Transfer Pricing: Transactional Profit Methods

Wojciech Gadzala | 28 Sep 2023

TP Transactional Profit Method img

Transfer Pricing - Transactional Profit Methods in a Nutshell 

In recent years transfer pricing has been attracting a lot of attention from tax authorities worldwide. The term “transfer prices” refers to the prices set in controlled transactions (i.e., transactions between related parties).  In order to combat artificial shifting of profits abroad, most international and domestic tax laws worldwide require that transfer prices be set in line with the arm’s length principle. 

 The arm’s length principle requires that transfer prices reflect the prices that would have been set between independent enterprises in comparable transactions and comparable circumstances. To reduce transfer pricing risks, multinational enterprises calculate transfer prices using recognized transfer pricing methods. The OECD TP Guidelines outline five distinct transfer pricing methods. They are divided into two general categories: traditional transaction methods and transactional profit methods.  

Traditional transaction methods comprise: 

  • the comparable uncontrolled price method,
  • the resale price method and
  • the cost plus method.

Transactional profit methods include: 

  • the transactional net margin method and
  • the transactional profit split method.

Below we outline the two transactional profit methods. Traditional transaction methods are described in our separate article on Traditional transaction methods.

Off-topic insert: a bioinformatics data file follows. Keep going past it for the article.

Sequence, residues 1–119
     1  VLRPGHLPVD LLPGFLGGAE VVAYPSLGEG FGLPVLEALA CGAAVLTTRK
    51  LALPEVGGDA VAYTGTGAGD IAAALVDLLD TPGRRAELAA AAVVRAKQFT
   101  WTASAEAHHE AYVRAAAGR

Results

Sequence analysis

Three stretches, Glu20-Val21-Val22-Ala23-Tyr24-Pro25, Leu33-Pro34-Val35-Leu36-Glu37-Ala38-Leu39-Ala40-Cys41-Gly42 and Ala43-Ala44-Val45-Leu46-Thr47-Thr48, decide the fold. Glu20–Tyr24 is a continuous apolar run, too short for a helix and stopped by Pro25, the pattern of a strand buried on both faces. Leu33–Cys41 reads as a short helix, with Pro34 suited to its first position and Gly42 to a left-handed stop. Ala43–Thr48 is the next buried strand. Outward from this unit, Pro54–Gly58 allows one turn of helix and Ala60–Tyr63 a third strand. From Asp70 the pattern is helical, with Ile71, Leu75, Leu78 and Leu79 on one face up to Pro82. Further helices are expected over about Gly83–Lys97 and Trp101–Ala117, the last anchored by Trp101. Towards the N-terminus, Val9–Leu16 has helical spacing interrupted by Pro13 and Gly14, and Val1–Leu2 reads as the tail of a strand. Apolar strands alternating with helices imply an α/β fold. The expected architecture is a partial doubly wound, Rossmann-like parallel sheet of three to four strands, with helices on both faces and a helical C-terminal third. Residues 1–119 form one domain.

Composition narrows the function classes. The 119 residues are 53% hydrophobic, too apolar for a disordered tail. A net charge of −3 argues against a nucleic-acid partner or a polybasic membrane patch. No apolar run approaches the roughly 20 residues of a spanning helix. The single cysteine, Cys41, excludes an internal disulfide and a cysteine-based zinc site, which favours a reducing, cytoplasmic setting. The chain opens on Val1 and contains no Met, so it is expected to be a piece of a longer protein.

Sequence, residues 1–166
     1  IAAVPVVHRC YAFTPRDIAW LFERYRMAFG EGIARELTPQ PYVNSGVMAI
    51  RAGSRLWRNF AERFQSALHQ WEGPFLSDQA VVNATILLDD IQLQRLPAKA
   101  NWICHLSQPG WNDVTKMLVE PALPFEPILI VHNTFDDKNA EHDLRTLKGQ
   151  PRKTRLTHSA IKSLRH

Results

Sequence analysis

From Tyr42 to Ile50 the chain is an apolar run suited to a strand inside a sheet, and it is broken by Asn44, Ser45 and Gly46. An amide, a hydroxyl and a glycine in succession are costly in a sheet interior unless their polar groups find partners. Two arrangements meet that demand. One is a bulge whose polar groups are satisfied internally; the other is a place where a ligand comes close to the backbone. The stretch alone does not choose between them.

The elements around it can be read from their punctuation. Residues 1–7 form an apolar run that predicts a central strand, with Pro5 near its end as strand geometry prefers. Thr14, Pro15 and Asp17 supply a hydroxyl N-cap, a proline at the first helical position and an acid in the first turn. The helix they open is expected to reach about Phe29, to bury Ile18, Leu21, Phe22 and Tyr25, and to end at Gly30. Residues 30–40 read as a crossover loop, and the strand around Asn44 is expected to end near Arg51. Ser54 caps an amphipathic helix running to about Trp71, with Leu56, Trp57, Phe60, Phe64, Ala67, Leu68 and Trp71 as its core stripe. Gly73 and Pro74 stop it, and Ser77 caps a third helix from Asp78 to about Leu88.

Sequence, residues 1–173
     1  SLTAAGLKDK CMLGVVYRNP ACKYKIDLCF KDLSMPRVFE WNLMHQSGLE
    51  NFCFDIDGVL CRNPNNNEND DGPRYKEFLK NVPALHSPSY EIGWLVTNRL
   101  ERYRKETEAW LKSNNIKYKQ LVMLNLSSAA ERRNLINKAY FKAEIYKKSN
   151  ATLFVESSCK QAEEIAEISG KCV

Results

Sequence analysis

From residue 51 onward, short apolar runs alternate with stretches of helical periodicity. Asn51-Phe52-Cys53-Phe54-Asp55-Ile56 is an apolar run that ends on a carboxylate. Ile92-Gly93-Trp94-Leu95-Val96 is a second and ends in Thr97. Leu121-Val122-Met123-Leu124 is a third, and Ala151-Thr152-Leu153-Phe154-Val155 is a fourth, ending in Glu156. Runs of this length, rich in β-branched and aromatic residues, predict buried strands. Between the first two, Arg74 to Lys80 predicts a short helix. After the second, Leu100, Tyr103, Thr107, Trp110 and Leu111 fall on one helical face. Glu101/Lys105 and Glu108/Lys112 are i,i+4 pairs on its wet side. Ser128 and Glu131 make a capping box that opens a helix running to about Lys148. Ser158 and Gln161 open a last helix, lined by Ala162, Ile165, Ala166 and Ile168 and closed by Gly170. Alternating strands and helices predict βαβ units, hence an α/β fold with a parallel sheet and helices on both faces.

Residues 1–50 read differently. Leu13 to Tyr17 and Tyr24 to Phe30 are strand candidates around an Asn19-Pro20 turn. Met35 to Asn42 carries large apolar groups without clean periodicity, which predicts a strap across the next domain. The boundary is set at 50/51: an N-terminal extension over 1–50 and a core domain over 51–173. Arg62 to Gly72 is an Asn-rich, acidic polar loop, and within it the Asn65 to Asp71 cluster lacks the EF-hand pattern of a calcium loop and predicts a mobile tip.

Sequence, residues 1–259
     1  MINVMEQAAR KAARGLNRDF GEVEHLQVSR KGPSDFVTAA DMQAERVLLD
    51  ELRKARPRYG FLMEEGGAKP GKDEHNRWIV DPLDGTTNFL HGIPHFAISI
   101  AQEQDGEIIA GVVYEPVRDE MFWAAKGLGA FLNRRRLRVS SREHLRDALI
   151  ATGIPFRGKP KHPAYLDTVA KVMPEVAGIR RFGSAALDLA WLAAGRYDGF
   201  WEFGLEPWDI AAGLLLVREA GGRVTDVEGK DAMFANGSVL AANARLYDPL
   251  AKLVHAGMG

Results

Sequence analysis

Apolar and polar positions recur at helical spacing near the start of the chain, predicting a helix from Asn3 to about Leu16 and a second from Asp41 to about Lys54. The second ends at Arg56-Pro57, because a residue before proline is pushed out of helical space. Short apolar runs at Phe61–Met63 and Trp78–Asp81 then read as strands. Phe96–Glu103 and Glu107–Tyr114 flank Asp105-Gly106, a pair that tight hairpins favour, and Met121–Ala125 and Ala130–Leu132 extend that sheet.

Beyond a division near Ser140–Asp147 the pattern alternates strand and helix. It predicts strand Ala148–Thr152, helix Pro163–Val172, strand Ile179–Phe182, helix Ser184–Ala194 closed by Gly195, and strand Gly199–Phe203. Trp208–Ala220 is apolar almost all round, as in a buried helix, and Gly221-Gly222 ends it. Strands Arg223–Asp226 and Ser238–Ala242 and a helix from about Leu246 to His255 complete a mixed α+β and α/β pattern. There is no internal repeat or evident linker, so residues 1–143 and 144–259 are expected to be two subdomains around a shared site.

Key Legal Issues 

  • To establish the arm’s length price, TP specialists apply transfer pricing methods.
  • TP methods are divided into two general categories: traditional transaction methods and transactional profit methods.
  • Tax authorities may scrutinize the choice of the method, as well as the way it is being applied to the particular transaction. 

Transactional Net Margin Method 

The transactional net margin method (TNMM) examines an operating (net) profit that a taxpayer realizes from a controlled transaction divided by an appropriate metric, such as costs, sales, assets. One of the most frequently used profit indicators is net profit divided by sales, i.e., net profit margin. Ideally, transfer prices are established using the TNMM by reference to the profit indicators earned by the tested party in transactions with independent entities. Otherwise, the review could refer to profit indicators of comparable transactions by enterprises independent from the tested party. TNNM is often used when it is hard to obtain data necessary to apply CUP or cost plus methods.

Example of Transactional Net Margin Method

BlenderCo manufactures and sells kitchen appliances to its parent company HomeCo, on orders and according to the specifications set by the parent company. BlenderCo owns only manufacturing-related assets, assumes limited risks and does not own any IP rights related to manufactured products (e.g., product designs, trademarks, trade names). Let’s assume that BlenderCo sells products solely to HomeCo and thus no internal comparable for the purposes of the CUP method is available. Let’s also assume that it is not possible to obtain information on gross mark ups earned by comparable independent enterprises (so the cost plus method cannot also be applied). For more details on the CUP and cost plus methods, please refer to our article on Traditional transaction methods.